Does restoring backup images degrade/damage the HDD?

Discussion in 'backup, imaging & disk mgmt' started by WSFfan, May 5, 2014.

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  1. WSFfan

    WSFfan Registered Member

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    I restore the backup image for the OS partition once every month.Does it cause any damage or degrade the hard drive performance?
     
  2. Brian K

    Brian K Imaging Specialist

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    WSFfan,

    No. I restore an OS image to my SSD every week or two and I'm not concerned about damage. I have HDs that have experienced thousands of restores. They are fine.
     
  3. gbhall

    gbhall Registered Member

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    WSfan,
    I see no reason for damage to HDD to occur. But you might damage your internet security - it depends what it is you are restoring. Is it some age-old OS version you were happy with? If so, it will have no recent OS updates and will be very vulnerable. If it is the previous month's backup after MS patch Tuesday, then you will have a month's worth of zero-day vulnerability to contend with, not to mention a month's worth of anti-virus updates.

    Please explain the logic behind what you are doing. To my mind it is either a smart or a dumb thing to do o_O:rolleyes: and I'd like to know which !

    Brian K I know is extremely competant, and what he does it for is likely to be very different - probably backup application testing for example. On the other hand he is using up SSD cycles, which as far as I know were or are quite limited.
     
    Last edited: May 5, 2014
  4. WSFfan

    WSFfan Registered Member

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    I create backup images after every Patch tuesday.Restore the last month backup image,do patch tuesday and then create a new backup image.Mainly do this so that i have backup of the latest Windows updates for Windows 8.1.I can't download GBs of updates with slow internet connection,so like to have the latest backup image containing MS updates.I don't use AV/AM.Using AppGuard,NoVirusThanks EXE Radar Pro and Sandboxie for protection.:)
     
    Last edited: May 5, 2014
  5. Brian K

    Brian K Imaging Specialist

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    gbhall,

    I'm playing it safe with SSDs. I use the IFW Restore Changed Sectors Only switch with restores. So instead of writing 20 GB to the SSD during a restore, I only write one to two hundred MB.
     
  6. WSFfan

    WSFfan Registered Member

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    Does using this option have any disadvantage?
     
  7. Brian K

    Brian K Imaging Specialist

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    None that I know about. There was a question about it being slower than a normal restore (the sectors are read before the changed sectors are restored) but the restore speed seems the same on my HDs whether I use the switch or not. At present I only use the switch with restores to a SSD.
     
  8. gbhall

    gbhall Registered Member

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    It's the 'restore before backup' I am puzzling over. It means, does it not, that you always go back to a state where your internet cache is gone, any software updates other than MS are gone, all your emails are gone, and so on. Whilst you may be quite confident you have your software updates stored somewhere else, your emails stored somewhere else, I would suggest that is quite difficult and dangerous to do in practice, and not always possible. It is certainly a lot of extra work.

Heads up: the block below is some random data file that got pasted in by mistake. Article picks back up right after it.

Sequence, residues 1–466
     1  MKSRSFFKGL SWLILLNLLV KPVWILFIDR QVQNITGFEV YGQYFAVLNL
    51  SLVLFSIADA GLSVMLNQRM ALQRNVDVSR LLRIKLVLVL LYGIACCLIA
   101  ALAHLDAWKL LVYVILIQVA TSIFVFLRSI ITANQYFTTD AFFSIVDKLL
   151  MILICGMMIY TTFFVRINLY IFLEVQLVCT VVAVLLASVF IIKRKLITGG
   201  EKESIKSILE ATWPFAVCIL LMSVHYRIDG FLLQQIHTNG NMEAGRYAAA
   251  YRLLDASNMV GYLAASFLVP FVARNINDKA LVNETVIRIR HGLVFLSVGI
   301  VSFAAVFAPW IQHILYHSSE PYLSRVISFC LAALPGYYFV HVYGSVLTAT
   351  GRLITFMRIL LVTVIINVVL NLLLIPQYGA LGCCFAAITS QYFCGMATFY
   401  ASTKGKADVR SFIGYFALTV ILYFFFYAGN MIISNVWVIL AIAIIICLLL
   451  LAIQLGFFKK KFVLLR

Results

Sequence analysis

I base my opinion on the hard-earned knowledge that if you try to prevent (in particular) a MS application from using it's own default directories to store things, then you are sooner or later going to be slugged from behind the neck by a MS stupidity. Because all MS defaults tend to leave things lying around all over the place, but always on the system drive, which you are restoring over every month o_O

    My own method, like yours, depends upon a full backup after every patch Tuesday, but I never restore. I keep a number of these monthly backups, which also cover my emails, software updates and so on, but I hope I never have to restore any of them.

    Keeping my system reasonably clean and secure (from such real nasties as cryptolocker) is an entirely different topic. Ccleaner helps a lot, but IFW backup of data drives is vital. http://windowssecrets.com/newsletter/cryptolocker-a-particularly-pernicious-virus/
     
    Last edited: May 5, 2014
  9. Brian K

    Brian K Imaging Specialist

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    gbhall,

    I create images daily and usually restore to "yesterday's" image. My data is not in the OS partition so I don't lose email, browser bookmarks, downloads, documents, pictures, music, video, anything on the desktop, etc when I restore. At the worst I might have to re-install a program that was installed earlier that day. The data partition is backed up in native format, not by imaging.

    If I had to restore an image daily, it wouldn't bother me at all. It is easy, takes two to three minutes and I lose nothing.
     
    Last edited: May 5, 2014
  10. WSFfan

    WSFfan Registered Member

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    Yes.I have backup of data partition(music,videos,documents,etc) on Portable HDD:)
     
  11. gbhall

    gbhall Registered Member

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    Then you are at risk (unless you disconnect your backup drive), because cryptolocker seeks out and effectively destroys all files word, excel, pics, music zip etc, by file version. It travels though all mapped drives at the moment, but will very probably become more sophisticated still and be a major, major horror. http://en.wikipedia.org/wiki/CryptoLocker